"Open Data" is the concept and practice of making datasets freely available to everyone. The data can be re-used, re-distributed, and re-published without restrictions. As much of the geospatial data produced by a government is essential information to its citizens, many consider it an important task to waive all intellectual property rights to governmental geospatial data.
In the United States, the geospatial data produced by federal agencies is placed into the public domain. New Zealand and Australia also have similar policies to make their geospatial data available to the public. Although United Kingdom imposes Crown copyright in its public records, Ordnance Survey recently made several geospatial datasets available for re-use, distribution, and adaptation under its open data license. In many European countries, there are efforts to balance the needs of protecting public sector information (PSI) and the needs of citizens to access such information. Several countries started to release geospatial datasets via open licenses. For example, Dutch government released road, cadastre, postal code, and satellite image via the Creative Commons Attribution License.
The trends of open government and open data also reach Taiwan. Some Taiwan governmental agencies are starting to form strategies on open data. However, the incentives and decisions of governmental agencies in opening up public sector information often are complex and unclear; many of their considerations are inconsistent with those of open data practices and open government initiatives. The emphasis seems to be on data release strategies that derive "add-on value" from datasets they produce. Often there is no clear indication on whether the released datasets are free of all restrictions imposed by laws, copyrights, or other regulations. We argue that the economic benefit of "open data" should not be calculated by the "add-on value" derived from the released datasets themselves, but from benefits and opportunities made possible in an open, transparent, and non-restrictive environment of data reuse. An integral statement on freedom about data reuse, such as the use of an open data license when releasing datasets, is fundamental to any open data strategy.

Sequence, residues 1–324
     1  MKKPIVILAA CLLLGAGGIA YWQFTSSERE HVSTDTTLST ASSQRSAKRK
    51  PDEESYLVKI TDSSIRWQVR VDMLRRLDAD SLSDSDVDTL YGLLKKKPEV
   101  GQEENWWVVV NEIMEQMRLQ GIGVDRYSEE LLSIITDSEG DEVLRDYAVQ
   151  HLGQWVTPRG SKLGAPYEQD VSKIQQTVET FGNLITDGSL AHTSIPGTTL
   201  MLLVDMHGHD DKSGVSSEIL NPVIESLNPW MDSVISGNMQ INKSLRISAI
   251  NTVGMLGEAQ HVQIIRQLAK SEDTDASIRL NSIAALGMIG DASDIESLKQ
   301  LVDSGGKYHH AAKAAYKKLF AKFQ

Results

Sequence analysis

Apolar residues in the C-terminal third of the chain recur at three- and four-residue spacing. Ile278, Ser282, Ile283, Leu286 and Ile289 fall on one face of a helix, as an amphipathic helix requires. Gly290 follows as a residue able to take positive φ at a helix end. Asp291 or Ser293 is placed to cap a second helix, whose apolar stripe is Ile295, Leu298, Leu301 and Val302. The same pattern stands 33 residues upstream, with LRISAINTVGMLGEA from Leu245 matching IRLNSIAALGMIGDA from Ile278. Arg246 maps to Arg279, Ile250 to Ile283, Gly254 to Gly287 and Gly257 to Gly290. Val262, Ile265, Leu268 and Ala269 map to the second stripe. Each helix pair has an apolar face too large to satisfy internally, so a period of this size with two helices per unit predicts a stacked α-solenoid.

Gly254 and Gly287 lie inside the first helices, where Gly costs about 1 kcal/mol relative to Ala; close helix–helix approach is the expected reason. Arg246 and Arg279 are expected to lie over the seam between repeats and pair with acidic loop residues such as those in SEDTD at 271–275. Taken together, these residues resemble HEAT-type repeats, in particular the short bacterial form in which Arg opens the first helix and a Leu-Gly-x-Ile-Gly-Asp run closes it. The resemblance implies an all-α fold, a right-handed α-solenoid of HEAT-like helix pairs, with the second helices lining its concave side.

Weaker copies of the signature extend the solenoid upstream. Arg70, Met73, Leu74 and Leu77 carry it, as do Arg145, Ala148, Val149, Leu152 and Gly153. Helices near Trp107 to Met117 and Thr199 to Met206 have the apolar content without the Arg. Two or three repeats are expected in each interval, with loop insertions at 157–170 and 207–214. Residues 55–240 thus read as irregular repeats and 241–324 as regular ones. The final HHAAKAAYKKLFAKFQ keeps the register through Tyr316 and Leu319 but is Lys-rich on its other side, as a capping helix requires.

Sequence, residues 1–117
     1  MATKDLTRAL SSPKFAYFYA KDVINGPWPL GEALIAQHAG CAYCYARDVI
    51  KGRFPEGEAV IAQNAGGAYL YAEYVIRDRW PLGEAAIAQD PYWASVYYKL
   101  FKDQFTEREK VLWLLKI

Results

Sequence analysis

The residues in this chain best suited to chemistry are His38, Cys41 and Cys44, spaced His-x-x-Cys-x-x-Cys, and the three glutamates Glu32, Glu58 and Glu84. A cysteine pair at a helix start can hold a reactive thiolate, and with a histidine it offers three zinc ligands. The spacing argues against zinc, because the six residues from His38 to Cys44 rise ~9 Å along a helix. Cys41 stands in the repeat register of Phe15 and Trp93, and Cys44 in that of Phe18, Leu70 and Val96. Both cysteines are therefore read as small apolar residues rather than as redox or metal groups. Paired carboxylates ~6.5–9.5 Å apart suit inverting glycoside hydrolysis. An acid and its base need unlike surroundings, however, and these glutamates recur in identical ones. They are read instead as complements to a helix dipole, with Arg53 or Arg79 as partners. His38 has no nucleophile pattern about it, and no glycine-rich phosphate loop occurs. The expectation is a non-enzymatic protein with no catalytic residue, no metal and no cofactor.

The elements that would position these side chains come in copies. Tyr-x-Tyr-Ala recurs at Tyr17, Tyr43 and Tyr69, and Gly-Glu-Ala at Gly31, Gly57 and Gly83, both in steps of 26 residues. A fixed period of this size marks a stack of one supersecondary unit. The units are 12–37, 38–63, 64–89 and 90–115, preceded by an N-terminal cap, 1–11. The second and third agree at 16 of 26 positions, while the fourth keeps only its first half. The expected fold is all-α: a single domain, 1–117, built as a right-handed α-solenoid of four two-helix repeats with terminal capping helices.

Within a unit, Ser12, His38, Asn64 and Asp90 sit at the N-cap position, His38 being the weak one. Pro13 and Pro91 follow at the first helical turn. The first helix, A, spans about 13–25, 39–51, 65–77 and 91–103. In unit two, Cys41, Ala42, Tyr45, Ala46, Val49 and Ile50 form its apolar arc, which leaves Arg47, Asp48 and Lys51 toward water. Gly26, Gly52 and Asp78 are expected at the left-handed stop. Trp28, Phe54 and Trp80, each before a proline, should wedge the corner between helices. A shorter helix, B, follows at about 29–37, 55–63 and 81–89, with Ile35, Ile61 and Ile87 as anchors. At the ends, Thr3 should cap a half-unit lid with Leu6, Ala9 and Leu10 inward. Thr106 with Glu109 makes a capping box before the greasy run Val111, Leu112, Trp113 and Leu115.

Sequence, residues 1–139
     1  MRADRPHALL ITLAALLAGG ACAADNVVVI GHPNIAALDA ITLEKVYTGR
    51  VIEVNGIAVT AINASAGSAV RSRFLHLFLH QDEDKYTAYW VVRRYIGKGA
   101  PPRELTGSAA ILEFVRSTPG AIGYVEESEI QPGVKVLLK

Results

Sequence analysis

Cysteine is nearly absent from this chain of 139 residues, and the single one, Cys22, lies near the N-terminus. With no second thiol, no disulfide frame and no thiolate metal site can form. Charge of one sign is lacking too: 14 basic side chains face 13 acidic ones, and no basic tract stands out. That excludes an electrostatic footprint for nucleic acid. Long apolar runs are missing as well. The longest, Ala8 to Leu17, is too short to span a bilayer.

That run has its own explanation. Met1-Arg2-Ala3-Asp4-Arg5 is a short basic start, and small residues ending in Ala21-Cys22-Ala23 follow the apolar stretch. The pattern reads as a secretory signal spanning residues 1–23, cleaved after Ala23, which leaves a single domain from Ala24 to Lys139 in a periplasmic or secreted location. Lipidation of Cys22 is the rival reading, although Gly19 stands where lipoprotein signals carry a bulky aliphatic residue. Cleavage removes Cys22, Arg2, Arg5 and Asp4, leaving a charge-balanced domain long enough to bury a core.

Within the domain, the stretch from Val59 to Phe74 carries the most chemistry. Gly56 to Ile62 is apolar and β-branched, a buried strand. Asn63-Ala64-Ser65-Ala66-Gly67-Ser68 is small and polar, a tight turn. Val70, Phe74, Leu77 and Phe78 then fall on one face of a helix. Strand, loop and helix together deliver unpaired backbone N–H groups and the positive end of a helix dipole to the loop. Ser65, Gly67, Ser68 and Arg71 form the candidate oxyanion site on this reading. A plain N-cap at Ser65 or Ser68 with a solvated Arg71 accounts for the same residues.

However, currently no such integral statement or data license is used to release public sector information in Taiwan. The management of governmental geospatial data could be complicated because it involves many different agencies, acts, and regulations. Hence the first priority in opening up governmental geospatial data in Taiwan should be a high-level policy statement on waiving restrictions and controls from out-of-dated acts and laws, and on determining on what and when geospatial datasets should be opened up. In this study, we will first provide observations about recent developments on opening up governmental geospatial data in many countries. We compare their open geospatial data strategies, and we will propose an appropriate policy guideline for Taiwan governmental agencies to open up their geospatial data.